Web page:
an area bathed in mythology and legend
The Sí or the fairy folk were the mythical beings believed to have built the ‘fairy forts’ and ancient sites which can be found across Ireland. Our earliest records of Irish mythology were written down on monastic texts in the medieval period, but they are thought to have been shared by story tellers from as early as the Bronze Age. The passage of time and the retelling of these stories have created rich mythologies in which the burials, monuments and homesteads of the people of the past have been associated with the deeds of heroes, saints and fairies. This tradition has protected many of the monuments of the past from destruction over the years, for fear of upsetting the
The estuary at Portmarnock is believed to be the place known in Irish legend as Inber Cíchmaine. This is the place where the legendary Maine (the son of Queen Medb and King Ailill) was slain, and the estuary was named after him. The neighbouring townland of Maynestown is also thought to be associated with this hero. The mound at Dún Sí is said to have been the burial place of Maine. Stories such as this are often associated with burial monuments dating to prehistory, and the mound itself has the appearance of a Bronze Age burial site known as a barrow.fairy folk.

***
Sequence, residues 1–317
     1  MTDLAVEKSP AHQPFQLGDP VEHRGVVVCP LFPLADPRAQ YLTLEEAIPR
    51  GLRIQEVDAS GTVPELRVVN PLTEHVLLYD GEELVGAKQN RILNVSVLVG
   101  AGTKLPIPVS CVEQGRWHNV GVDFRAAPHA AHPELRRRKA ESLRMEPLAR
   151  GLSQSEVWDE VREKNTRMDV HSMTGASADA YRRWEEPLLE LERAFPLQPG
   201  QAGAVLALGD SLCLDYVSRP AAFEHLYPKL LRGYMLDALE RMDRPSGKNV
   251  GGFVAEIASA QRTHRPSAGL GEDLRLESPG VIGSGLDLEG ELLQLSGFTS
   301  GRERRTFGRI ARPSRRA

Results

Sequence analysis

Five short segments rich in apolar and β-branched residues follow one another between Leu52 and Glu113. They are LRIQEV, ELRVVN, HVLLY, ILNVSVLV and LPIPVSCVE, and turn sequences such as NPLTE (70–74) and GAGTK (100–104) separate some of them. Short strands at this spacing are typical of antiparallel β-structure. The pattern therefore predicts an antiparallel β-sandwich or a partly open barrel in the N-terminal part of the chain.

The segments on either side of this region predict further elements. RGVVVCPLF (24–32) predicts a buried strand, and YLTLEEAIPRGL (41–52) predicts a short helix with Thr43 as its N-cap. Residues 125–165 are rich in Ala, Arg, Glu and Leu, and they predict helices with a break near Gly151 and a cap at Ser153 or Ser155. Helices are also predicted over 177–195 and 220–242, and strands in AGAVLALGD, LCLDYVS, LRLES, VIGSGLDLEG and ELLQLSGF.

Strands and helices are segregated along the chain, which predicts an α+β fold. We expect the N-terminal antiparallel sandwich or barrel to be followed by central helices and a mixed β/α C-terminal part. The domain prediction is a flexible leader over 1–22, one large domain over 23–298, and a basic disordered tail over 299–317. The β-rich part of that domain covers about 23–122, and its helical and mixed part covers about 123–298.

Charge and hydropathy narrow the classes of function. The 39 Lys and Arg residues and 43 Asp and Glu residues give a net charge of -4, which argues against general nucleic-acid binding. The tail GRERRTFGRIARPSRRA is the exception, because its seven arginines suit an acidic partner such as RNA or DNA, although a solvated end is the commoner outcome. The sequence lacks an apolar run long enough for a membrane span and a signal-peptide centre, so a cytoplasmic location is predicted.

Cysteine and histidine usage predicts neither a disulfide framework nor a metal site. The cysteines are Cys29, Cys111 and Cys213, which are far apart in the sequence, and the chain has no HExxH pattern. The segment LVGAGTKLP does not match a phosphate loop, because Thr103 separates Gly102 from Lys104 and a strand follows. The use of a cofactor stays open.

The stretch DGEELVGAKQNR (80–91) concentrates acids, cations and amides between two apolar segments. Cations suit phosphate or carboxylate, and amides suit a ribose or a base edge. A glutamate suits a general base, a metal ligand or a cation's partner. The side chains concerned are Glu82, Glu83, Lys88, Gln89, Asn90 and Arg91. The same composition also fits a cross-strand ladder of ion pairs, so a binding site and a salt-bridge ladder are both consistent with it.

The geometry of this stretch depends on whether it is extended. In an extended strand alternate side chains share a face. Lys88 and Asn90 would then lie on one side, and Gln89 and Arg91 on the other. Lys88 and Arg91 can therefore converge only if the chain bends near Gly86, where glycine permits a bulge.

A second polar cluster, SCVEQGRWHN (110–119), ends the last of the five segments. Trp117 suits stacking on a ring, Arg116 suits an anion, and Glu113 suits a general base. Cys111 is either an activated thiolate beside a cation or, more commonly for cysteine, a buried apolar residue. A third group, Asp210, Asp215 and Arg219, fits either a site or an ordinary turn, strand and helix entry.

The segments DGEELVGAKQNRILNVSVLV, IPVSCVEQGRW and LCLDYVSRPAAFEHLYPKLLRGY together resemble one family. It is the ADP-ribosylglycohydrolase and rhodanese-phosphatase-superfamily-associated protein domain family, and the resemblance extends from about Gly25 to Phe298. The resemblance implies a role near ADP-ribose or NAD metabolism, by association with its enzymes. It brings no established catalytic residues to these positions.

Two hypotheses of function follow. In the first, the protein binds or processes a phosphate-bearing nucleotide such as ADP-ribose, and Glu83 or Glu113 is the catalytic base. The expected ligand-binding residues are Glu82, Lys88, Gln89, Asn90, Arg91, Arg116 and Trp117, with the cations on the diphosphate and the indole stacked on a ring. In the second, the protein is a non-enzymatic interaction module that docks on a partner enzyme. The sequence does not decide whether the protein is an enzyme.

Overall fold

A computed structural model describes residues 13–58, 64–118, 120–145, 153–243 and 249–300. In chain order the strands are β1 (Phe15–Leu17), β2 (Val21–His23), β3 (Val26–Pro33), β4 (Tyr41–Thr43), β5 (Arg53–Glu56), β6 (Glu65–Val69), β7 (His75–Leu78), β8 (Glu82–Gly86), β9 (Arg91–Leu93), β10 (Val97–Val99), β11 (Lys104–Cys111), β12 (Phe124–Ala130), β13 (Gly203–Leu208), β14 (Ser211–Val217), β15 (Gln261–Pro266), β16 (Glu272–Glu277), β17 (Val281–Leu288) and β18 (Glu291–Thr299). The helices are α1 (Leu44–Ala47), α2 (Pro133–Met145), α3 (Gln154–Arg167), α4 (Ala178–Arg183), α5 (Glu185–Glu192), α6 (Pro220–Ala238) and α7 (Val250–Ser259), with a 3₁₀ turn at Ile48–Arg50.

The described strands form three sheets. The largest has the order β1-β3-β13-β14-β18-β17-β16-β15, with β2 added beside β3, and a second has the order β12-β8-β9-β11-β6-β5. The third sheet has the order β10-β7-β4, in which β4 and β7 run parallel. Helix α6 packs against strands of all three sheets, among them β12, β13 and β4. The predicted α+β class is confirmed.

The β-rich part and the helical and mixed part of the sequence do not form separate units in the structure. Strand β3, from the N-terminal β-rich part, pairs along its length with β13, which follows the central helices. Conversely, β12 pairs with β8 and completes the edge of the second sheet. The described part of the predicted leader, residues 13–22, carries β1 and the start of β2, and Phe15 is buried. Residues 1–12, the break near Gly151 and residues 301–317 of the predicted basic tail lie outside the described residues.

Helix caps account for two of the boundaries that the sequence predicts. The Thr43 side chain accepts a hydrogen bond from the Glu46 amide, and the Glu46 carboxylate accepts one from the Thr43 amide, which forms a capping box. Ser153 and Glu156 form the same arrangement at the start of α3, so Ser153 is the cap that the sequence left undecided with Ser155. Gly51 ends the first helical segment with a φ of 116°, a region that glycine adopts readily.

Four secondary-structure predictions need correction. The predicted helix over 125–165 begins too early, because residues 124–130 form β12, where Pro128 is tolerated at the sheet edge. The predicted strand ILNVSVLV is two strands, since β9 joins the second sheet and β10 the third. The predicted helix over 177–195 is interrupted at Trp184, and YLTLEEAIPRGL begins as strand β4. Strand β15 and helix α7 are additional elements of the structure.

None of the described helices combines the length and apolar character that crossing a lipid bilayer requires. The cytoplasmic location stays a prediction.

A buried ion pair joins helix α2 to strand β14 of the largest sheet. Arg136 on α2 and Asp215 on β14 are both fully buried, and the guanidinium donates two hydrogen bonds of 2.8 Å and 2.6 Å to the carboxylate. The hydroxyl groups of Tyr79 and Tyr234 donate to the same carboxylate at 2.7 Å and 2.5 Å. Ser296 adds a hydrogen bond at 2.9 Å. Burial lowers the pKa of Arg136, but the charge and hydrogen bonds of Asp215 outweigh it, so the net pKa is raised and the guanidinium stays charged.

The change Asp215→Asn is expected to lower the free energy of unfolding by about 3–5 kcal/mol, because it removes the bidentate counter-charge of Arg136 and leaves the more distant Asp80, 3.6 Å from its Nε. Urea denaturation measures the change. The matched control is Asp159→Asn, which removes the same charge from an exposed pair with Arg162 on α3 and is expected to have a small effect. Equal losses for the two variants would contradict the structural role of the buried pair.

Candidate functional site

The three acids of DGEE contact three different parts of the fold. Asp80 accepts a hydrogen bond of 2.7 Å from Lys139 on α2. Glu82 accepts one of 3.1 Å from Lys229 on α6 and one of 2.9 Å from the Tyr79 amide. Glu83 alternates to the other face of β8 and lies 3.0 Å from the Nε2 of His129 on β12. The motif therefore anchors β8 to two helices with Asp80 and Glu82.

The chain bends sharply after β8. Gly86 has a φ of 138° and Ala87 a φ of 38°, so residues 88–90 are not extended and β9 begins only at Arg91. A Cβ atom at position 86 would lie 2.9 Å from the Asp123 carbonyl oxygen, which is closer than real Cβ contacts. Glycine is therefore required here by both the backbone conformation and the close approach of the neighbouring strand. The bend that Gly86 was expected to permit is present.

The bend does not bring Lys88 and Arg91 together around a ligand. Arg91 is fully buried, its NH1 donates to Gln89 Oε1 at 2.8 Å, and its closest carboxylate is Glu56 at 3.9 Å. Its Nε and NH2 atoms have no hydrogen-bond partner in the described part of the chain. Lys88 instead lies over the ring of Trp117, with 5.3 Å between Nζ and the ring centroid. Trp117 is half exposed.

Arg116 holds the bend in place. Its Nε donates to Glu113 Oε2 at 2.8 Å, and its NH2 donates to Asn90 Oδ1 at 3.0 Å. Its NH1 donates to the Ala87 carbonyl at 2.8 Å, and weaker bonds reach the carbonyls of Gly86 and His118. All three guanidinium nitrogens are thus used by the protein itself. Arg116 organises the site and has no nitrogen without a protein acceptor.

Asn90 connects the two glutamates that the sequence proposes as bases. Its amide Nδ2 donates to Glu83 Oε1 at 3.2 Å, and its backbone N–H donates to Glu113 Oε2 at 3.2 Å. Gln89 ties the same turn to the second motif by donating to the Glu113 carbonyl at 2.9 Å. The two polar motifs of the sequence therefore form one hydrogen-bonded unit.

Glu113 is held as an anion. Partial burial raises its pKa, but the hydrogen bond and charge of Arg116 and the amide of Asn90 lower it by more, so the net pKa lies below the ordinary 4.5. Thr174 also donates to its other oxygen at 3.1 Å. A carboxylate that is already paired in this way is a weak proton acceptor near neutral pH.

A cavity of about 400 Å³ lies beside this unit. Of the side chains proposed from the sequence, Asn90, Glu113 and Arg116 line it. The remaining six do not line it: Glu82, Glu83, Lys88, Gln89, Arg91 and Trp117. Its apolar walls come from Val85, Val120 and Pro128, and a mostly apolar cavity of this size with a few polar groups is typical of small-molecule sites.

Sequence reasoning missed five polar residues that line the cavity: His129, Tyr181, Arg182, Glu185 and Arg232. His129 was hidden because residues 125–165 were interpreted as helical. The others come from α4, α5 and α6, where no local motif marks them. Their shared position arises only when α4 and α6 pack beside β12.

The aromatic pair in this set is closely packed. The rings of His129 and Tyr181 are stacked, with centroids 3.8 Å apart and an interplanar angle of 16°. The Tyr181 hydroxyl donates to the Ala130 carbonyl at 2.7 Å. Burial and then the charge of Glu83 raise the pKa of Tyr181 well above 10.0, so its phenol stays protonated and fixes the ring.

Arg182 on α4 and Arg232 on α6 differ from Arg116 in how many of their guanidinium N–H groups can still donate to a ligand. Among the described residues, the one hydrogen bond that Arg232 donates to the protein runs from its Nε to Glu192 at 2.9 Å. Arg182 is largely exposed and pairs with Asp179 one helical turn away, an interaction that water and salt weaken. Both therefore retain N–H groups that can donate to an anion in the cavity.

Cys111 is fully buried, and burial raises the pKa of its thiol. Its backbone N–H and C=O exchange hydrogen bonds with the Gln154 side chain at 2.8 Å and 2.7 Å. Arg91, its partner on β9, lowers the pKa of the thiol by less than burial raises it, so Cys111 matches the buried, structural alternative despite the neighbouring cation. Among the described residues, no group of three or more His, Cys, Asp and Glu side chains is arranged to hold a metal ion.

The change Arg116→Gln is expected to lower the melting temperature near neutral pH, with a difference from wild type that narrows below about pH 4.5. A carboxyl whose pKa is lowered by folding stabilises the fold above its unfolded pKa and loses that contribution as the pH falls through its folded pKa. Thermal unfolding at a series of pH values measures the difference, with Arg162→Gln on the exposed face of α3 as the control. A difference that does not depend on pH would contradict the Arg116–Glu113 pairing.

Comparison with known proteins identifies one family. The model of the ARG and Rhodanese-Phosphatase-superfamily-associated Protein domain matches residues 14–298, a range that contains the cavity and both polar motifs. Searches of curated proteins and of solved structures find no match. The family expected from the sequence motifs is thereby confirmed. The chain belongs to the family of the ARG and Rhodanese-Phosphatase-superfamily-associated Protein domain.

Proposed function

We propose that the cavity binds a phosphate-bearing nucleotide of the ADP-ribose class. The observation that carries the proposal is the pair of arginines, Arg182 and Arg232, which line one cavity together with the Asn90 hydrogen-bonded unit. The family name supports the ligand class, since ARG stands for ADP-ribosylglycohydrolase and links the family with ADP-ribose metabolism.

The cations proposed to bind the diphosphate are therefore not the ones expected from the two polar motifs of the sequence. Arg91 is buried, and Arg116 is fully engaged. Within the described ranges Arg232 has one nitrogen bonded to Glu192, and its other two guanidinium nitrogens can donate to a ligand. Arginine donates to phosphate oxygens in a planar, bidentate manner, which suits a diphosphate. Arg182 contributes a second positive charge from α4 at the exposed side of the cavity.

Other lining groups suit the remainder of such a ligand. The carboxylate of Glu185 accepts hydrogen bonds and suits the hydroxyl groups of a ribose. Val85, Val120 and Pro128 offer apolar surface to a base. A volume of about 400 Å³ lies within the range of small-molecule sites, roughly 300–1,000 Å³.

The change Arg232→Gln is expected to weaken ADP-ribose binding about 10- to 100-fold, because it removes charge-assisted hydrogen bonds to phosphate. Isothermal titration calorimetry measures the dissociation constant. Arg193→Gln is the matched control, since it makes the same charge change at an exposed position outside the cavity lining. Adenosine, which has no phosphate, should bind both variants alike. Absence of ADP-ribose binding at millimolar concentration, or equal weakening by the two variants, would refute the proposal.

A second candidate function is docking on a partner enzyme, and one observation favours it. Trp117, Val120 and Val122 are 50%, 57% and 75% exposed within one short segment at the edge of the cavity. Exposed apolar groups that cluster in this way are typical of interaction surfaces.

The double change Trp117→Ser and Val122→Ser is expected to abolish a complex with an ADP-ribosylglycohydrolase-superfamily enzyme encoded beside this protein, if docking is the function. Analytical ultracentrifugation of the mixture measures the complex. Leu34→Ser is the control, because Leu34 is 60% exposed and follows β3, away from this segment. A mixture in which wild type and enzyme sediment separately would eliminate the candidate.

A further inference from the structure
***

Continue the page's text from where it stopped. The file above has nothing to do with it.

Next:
Archaeological investigations at Portmarnock have shown that people have been present in the area since the Neolithic period, or the time of our first farmers up to 6,000 years ago, with finds being made of stone axeheads and arrowheads. The earliest evidence of settlement dates to the Early Bronze Age at a cooking site known as a fulacht fiadh, and an enclosure site beside the mound at Dún Sí was a multi-phase site dating from the Late Bronze Age, Iron Age and Medieval period. An Iron Age burial was also found with an individual who was buried with a prized piece of whale bone. In the medieval period, settlement continued with a medieval community who farmed long plots of land known as burgess plots.
The landscape at Dún Sí in Portmarnock is therefore a place with a rich mythological and archaeological legacy. It is an area where people
have lived for thousands of years and the enduring tales of Maine reflect the importance of the place to our early storytellers.
dún sí at st. marnocks Bay
Life is made magical at Dún Sí, an enchanting new development of two, three and four bedroom houses, duplexes and apartments in St Marnock’s Bay, Portmarnock, on Dublin’s spellbinding North County coast. Enjoy a fine lifestyle in this highly sought-after and picturesque location, nestled between the beautiful villages of Malahide and Howth.
Great transport links and a wide range of excellent amenities for all ages in a stunning coastal setting makes Dún Sí an attractive option for families, first-time buyers and those looking for a spacious well-appointed new home with all the features that make modern life easy.